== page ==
Ursula Ramos

How to Stay Well During COVID, the Waldorf Way: Part 1, Sleep and Warmth

Ursula Ramos

by Ursula Ramos


Many of our children have recently transitioned back to school in person and we all continue to try to stay healthy amidst the continued pandemic, there are many ways we can help our children and ourselves combat viruses of all kinds and stay healthy while riding the waves of constant change.  Many of you have heard the following ideas from your children’s teachers from your first days at TWS.   Over the next few weeks I would like to share  ways that you can support your child to make them more resilient to stress, viruses, and in addition optimize their potential to learn.  Many of these seem like common sense, but I believe with what we have all had on our plates this year,  it is easy to forget some of the basics.  As a teacher, I shared many of these ideas as core concepts parents could incorporate at home.   Parents who adopted these practices sent me children who were engaged, calm, resilient, and overall quite healthy.  Most of these ideas not only have merit in Western medicine but are steeped in anthroposophical medicine as well.  I have also employed these tenets as a mother of three. Let’s empower ourselves and our children as we continue our parenting journey in 2020! 


Sleep has many benefits; not only does it help our children digest their ever changing world and school days, it is also essential to immune functioning. Your body needs sleep to fight infections and prevent inflammation. Both cytokeine proteins and antibodies are released while we sleep. Studies show that when you are exposed to viruses, you are less able to combat them if you are sleep deprived.  In addition, sleep deprivation can lengthen illnesses.  Good sleep hygiene is something we can all do to help our children build healthy immune systems. 

 Of course getting your child to bed is often easier said than done! Children, unlike adults, often exhibit signs of hyperactivity when they are tired or overtired, where adults are more likely to slow down.  Finding a good sleep window before your child winds up is key.  According to anthroposophic physician Susan Johnson, our liver is directly connected to our ability to have a good night’s sleep and our liver likes to follow the cycle of the sun.  When we don’t follow this cycle, we affect the liver’s metabolism and in doing so completely throw off its natural inclination to begin shutting down metabolism for the night around 6 pm.  This leads to a burst of sugar in our blood stream that our bodies have to borrow from the next day. The following day our bodies need to release stress hormones from our adrenal glands to manage the lack of glycogen for that day.  Thus the “second wind.”  Johnson states, “These hormones act to provide more sugar in the blood, but they also accelerate our heart rate, increase our blood pressure, and suppress our immunity (we get colds more easily). 

It is helpful to think of your child’s bedtime routine actually beginning at dinner time.  Meaning having dinner at the same time each night, leaving enough time to clean up, take a bath, have quiet family time, stories, and songs is essential.  With older children this might include them helping with dinner clean up, getting their backpacks ready and clothes out for the next day followed by reading quietly before lights out.  Every family has to experiment with their own sleep routine but it will go a long way to ensuring your child is ready for their school day in the morning.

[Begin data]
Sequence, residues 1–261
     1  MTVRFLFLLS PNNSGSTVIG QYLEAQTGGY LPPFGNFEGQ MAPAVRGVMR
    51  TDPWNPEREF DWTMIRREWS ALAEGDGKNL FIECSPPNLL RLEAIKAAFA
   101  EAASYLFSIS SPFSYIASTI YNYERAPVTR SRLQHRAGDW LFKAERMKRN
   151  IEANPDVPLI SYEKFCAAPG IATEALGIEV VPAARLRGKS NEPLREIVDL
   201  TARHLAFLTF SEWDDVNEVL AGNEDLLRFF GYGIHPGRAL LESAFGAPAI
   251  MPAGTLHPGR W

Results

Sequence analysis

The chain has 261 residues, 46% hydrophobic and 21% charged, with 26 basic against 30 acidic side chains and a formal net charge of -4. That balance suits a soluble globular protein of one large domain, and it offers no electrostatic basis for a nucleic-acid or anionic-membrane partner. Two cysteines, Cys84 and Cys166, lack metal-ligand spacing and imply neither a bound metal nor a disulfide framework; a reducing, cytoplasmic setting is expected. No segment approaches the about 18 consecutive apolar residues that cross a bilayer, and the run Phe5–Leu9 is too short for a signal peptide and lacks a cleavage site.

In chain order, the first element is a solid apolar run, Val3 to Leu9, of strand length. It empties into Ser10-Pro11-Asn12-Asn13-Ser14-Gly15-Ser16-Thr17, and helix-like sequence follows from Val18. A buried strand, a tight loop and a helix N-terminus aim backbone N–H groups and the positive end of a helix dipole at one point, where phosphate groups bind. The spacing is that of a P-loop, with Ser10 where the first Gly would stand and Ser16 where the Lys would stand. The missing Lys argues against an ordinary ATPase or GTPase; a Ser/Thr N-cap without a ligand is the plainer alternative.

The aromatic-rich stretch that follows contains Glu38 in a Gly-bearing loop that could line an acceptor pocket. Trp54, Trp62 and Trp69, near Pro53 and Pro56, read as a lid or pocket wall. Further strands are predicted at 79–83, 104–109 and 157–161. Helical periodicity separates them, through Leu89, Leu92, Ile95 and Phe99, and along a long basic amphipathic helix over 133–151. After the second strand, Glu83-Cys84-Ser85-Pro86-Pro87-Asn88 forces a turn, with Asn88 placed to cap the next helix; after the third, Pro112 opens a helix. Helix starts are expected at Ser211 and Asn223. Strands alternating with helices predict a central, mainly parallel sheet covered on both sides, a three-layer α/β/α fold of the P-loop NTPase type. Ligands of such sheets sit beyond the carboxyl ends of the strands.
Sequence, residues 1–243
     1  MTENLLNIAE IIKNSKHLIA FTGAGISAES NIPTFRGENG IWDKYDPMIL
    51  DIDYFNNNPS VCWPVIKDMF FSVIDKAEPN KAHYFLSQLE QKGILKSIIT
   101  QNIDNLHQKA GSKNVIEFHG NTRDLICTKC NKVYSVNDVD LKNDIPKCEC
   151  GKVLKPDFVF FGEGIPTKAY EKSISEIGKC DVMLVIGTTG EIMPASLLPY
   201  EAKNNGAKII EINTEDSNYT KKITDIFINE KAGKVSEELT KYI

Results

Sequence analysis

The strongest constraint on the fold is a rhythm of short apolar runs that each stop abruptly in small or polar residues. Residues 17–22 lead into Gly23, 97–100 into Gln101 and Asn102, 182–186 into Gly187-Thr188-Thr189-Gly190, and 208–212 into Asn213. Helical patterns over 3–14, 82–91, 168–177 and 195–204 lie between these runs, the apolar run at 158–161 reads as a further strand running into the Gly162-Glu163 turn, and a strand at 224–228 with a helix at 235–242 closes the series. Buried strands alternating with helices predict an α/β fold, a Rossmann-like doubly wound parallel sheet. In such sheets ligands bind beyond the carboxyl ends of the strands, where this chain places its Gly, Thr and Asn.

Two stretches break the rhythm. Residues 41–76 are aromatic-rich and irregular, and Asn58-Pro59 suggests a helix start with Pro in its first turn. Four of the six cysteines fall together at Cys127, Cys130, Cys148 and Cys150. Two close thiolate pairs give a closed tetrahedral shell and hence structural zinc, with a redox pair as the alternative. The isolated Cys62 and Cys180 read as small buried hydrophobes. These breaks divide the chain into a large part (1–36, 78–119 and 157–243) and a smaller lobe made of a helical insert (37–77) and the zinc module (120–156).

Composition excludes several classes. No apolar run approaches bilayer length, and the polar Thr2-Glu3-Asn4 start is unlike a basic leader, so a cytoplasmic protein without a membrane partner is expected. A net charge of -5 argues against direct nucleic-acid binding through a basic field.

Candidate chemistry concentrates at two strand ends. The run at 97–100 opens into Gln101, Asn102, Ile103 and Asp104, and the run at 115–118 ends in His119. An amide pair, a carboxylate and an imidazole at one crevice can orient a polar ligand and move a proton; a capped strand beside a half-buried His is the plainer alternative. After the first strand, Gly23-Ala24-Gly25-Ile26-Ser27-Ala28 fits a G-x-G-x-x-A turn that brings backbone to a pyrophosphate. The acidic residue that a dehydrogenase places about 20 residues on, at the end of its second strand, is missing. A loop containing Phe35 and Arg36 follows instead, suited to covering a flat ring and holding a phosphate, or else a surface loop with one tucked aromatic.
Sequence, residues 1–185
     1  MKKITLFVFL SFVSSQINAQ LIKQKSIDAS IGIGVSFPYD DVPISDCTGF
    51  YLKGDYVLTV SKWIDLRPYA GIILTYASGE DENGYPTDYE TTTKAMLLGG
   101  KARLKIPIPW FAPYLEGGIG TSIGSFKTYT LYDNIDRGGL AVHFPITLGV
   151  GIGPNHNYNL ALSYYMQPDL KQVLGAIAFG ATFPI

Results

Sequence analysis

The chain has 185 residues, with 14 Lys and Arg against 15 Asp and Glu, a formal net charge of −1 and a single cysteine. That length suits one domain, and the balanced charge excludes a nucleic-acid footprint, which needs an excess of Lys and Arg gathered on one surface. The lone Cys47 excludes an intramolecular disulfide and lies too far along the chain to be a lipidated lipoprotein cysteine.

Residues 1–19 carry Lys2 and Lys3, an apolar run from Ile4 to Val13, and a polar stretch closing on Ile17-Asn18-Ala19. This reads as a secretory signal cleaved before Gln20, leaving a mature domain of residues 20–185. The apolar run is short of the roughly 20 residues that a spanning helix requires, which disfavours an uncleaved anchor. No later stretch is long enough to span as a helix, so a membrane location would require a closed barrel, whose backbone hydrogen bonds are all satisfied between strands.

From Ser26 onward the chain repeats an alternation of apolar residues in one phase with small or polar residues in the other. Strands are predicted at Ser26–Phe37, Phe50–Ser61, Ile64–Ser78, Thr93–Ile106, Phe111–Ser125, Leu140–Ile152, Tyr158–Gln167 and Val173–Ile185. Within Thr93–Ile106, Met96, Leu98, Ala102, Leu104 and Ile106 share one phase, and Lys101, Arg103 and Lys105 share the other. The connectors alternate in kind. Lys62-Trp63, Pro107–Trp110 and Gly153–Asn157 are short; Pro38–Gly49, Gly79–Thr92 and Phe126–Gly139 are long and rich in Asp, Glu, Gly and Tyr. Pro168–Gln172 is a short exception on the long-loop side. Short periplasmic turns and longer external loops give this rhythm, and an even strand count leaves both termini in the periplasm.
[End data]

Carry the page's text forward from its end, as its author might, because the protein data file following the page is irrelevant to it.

We also know that light can deter an easy transition into sleep.  Making sure screens are off after afternoon Zoom will encourage better sleep.  Remembering to lower the lights just before or after dinner will do this as well.  You can experiment with having candle lit dinners, eating outside with candles or low light, and even carrying a candle into your child’s unlit room as a way to signal the time for sleep.  Many children brought home lanterns in the past week, others of us have a collection from years passed.  How lovely to use them for a dark, lantern lit walk in the evenings to set a quiet mood of bedtime.

In addition to the health benefits of sleep, a good night’s sleep helps children meet their day ready to learn. Rudolph Steiner knew, well before research proved, that sleep is the time humans process what  they learned the day before in order to retain it in their memories. Sleep is an integral part of learning. Studies have shown that you don’t get the full benefit of the day’s lessons without sleep.  Additionally science confirms that sleep has deep impacts on many parts of children’s lives.  It affects behavior, focus, ability to stay on task, mood, decision making and impulsivity.  It is clear that sleep affects children’s ability to learn.  In addition, sleep affects our children’s ability to have good relationships with teachers and peers. This important relationship between student and teacher as well as class relationships are not only part of what children are learning but also affects how easily they take in information from their teachers.


Warmth is one of the twelve senses Steiner described our children developing in their second 7 years of life, from 7-14.  In Waldorf education we speak both of the physical and emotional sense of warmth.   The first way we as parents can provide physical warmth is by ensuring children wear proper clothing to keep them warm in these new outdoor spaces. If children are not using their bodily resources to warm their bodies because they are not dressed warmly enough, they can then use those resources to build their immune systems, as well as grow physically and cognitively.   Warmth will allow children to focus on their teachers and the lessons at hand.